National Treasury has indicated an intention to expand the VAT base by removing the zero rating on fuel. To mitigate the effect, National Treasury is considering combining this change with a freeze or decrease in the fuel levy. This will, however, have the effect of increasing the cost of fuel which will cascade through the economy by way of increased costs, and furthermore contradicts the initial policy intent of subjecting fuel, already subject to a fuel levy, to an additional tax in the form of VAT.

This change will be subject to consultation leading up to the 2018 Budget.

VAT on electronic services

National Treasury proposes updating regulations to broaden the scope of electronic services which are subject to VAT in South Africa, and to include cloud computing and services provided using online applications. Further changes will be introduced to remove uncertainties and practical difficulties. While the detail of these changes has not been outlined, it remains to be seen whether the changes will align with broader OECD principles aimed at addressing base erosion and profit shifting. Amendments to definition of ‘resident of the republic’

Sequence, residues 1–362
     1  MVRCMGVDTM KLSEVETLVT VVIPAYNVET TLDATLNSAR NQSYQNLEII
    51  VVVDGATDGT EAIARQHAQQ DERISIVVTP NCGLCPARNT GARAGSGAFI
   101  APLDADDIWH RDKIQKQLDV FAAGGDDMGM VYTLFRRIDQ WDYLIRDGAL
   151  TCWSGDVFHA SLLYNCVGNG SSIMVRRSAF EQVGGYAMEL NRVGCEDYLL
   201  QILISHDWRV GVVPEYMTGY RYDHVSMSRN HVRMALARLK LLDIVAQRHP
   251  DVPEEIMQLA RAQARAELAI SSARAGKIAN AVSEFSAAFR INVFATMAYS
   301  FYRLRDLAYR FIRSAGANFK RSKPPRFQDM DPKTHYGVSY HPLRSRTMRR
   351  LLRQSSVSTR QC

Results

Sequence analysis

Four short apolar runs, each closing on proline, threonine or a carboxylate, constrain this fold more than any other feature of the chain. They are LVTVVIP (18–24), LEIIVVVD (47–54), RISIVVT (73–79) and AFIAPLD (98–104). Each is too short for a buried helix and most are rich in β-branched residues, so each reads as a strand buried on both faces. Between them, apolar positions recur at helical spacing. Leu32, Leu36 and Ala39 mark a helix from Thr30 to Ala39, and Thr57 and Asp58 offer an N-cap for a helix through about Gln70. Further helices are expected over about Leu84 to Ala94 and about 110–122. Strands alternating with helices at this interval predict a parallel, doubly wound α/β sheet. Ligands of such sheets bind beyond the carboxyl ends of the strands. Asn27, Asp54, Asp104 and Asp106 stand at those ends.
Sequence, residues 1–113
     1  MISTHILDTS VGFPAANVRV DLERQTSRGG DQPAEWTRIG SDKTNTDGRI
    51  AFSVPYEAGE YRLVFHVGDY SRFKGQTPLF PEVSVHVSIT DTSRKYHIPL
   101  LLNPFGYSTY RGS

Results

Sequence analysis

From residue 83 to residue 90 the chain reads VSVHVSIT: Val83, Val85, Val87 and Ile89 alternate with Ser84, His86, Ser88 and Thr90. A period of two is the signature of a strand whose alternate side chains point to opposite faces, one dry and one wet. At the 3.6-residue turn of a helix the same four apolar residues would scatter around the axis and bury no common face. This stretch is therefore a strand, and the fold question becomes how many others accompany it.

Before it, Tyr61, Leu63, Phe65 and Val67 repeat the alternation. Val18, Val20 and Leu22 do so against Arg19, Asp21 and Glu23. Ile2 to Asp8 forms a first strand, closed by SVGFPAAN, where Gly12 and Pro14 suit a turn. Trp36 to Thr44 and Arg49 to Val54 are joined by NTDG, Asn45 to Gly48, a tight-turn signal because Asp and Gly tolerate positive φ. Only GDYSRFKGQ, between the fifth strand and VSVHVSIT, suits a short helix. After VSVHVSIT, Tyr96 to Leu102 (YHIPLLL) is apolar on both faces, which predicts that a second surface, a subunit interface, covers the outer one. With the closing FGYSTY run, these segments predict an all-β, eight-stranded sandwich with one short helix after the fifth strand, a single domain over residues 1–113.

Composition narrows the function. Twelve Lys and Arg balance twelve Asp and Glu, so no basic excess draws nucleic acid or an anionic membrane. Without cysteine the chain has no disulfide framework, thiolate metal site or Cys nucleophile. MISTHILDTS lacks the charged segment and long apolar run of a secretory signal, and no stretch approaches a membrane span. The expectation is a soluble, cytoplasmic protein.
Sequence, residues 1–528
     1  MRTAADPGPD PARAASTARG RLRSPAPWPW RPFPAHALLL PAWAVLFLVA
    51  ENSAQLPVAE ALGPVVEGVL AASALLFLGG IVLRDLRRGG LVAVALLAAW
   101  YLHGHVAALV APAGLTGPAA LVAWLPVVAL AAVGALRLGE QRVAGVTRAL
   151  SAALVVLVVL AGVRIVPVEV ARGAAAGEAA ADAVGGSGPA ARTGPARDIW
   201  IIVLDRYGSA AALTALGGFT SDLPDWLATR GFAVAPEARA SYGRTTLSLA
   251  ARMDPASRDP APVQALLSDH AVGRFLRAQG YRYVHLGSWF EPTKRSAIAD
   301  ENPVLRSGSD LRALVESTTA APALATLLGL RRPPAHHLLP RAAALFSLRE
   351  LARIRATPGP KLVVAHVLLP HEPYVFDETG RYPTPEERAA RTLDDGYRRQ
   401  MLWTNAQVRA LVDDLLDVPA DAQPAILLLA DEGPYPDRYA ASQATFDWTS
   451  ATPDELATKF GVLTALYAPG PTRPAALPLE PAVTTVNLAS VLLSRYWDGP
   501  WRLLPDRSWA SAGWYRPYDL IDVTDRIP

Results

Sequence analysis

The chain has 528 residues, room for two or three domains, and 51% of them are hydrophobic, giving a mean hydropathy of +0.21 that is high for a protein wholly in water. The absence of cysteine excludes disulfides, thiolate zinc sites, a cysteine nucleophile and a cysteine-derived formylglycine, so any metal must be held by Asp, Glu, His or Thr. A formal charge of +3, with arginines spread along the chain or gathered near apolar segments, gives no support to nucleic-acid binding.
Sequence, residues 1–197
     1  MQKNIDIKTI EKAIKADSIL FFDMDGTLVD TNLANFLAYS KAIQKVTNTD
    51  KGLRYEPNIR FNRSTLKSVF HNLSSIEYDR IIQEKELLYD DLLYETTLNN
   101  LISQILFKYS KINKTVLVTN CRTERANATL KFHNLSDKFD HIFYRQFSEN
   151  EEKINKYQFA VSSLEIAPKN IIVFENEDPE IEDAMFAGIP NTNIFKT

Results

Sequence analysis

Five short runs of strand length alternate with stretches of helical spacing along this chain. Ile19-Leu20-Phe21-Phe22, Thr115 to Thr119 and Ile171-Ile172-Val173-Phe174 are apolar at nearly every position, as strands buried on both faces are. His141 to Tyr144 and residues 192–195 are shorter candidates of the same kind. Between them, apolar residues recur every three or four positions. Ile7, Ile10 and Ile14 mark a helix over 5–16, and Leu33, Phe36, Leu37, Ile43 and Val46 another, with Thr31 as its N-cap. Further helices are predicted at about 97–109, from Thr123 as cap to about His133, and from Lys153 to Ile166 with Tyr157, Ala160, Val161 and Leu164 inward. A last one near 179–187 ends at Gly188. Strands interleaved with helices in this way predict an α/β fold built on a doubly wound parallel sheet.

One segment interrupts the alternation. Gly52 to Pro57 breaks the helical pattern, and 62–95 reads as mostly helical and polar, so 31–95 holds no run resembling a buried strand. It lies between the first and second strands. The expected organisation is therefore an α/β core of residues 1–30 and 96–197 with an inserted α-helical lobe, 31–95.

Definition of ‘resident of the Republic’

National Treasury proposes amending the definition of ‘resident of the republic’ in the VAT Act to ensure that the zero-rating for non-residents is not jeopardized. Such amendment aims to ensure that non-residents do not incur non-recoverable VAT.

Housing subsidy payments

The proposed deletion of the zero rating of housing subsidy payments has been postponed for two years. The law currently provides that payments made in terms of certain national housing programmes, reflected in a regulation, be zero rated. As no such regulation currently exists, the question has to be asked whether any payments can currently be zero rated.

Moveable property situated in an export country